Silent procession marks first anniversary of Grenfell Tower blaze which claimed lives of 72 people
Hundreds walk behind wreath reading ‘Humanity for Grenfell’, many carrying pictures of some of the victims
The silent procession marking the one-year anniversary of the Grenfell Tower fire in London in which 72 people lost their lives. Photograph: Dan Kitwood/Getty
Survivors and relatives of those who died in Grenfell Tower returned to the building on Thursday to mark the first anniversary of Britain’s worst residential fire since the second World War.
Hundreds walked in a silent procession behind a wreath that read “Humanity for Grenfell”, many carrying pictures of some of the 72 people who died and most wearing green, the colour that has become associated with the campaign to establish the truth about the tragedy.
The procession started at St Helen’s church in North Kensington after a memorial service for the victims organised by Clarrie Mendy, who lost two family members in the fire.
“Today we pray for all bereaved family members to further receive strength, courage and faith to continue daily,” she told the congregation. “Help us to come to terms, knowing that 72 angels ascended into your heavenly realm on the 14th of June 2017.”
A steel band played Bridge Over Troubled Water, a soprano sang Pie Jesu and a gospel choir sang Lean on Me, an unofficial anthem of the Grenfell survivors. Niles Hailstones, a local musician and community leader, performed a drum lament.
At noon, the congregation observed a 72-second silence in memory of the dead, a mark of respect that was observed at the same time throughout the country. The names of all those who died were read out at the start of the service and relatives lit a candle for each of the victims.
Symbol of painBishop of Kensington Graham Tomlin told the congregation that a determination to prevent another such tragedy must emerge from the ashes of Grenfell.
“Grenfell Tower can remain an ongoing symbol of pain and loss – a monument to our failure to listen and to care for one another – or it can become a symbol of change and renewal,” he said.
“I think today is a really important day for the whole nation to remember Grenfell. We could change a lot of things, we could identify who was responsible, we can make building regulation changes.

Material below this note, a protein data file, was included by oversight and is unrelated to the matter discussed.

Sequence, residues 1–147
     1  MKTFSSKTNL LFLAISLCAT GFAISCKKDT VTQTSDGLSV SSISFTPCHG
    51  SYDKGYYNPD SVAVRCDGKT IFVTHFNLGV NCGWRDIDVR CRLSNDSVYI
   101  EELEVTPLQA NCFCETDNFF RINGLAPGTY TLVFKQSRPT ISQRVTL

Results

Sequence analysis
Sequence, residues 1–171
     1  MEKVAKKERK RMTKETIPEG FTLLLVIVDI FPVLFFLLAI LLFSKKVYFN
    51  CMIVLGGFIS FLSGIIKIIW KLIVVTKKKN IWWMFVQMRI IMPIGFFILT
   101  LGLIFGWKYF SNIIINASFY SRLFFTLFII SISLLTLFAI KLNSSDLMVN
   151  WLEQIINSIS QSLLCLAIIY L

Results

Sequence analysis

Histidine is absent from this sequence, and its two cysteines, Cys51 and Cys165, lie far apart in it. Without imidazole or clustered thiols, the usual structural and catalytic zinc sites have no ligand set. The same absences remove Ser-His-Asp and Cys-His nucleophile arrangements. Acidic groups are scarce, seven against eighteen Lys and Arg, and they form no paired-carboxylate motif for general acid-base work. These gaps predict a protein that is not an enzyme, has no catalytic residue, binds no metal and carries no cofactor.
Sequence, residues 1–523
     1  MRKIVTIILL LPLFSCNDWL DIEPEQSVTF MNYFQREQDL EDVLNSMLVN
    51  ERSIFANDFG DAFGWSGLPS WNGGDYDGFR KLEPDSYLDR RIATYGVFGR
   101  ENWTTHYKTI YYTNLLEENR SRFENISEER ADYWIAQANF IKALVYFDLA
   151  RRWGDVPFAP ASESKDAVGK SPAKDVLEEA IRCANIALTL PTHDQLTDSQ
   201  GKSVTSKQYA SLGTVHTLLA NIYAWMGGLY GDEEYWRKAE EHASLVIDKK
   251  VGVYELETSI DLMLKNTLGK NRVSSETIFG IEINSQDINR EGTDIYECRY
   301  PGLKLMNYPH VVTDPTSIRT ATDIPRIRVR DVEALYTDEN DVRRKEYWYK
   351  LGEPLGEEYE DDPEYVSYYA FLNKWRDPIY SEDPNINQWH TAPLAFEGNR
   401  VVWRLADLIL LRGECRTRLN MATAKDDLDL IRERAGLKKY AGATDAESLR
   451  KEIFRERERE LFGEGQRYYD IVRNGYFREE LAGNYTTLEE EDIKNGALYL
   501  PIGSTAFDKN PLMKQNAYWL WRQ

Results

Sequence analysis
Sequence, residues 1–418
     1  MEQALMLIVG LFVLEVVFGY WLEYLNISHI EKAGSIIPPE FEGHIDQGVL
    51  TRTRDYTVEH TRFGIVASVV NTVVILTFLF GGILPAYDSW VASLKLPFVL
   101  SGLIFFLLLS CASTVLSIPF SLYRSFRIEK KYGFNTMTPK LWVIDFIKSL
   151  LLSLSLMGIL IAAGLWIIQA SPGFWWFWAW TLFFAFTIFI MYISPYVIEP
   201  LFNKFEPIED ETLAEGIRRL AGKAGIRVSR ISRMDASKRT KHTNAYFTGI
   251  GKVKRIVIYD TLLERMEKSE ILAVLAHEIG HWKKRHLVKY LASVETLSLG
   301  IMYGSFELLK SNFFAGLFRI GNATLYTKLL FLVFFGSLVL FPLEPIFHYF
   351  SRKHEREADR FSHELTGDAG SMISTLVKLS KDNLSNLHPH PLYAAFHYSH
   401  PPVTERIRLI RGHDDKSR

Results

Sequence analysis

“But unless we ask some more fundamental questions about the way we relate to each other in society and how we care for one another, then we will just go back to the way we normally are.
“I think Grenfell is a once-in-a-generation opportunity to ask some really deep questions about the way we live together, the way we care for each other in society.”
Labour MP David Lammy, who lost a family friend in the fire, spoke about the qualities of the community that had grown up in good quality public housing that had been built in the decades after the second World War.
“This is a moment when we ask, what happened with that civic, local pride that we had in a home. And we renew ourselves in that quest for justice on behalf of those who died. Justice. Answers. And the healing that flows from knowing never, ever, ever again can people die in a preventable fire and that all of those who live in the surrounding area can be so traumatised by the pain of what they saw that night and what they carry in their hearts now,” he said.
Outside the church, the relatives and survivors formed a procession to walk in silence to Grenfell Tower, now covered in white sheeting with a large green heart on each side of the building.
Before they left, they released from seven wicker baskets 73 white doves, one for each of those who died and another for the victims they fear have never been identified.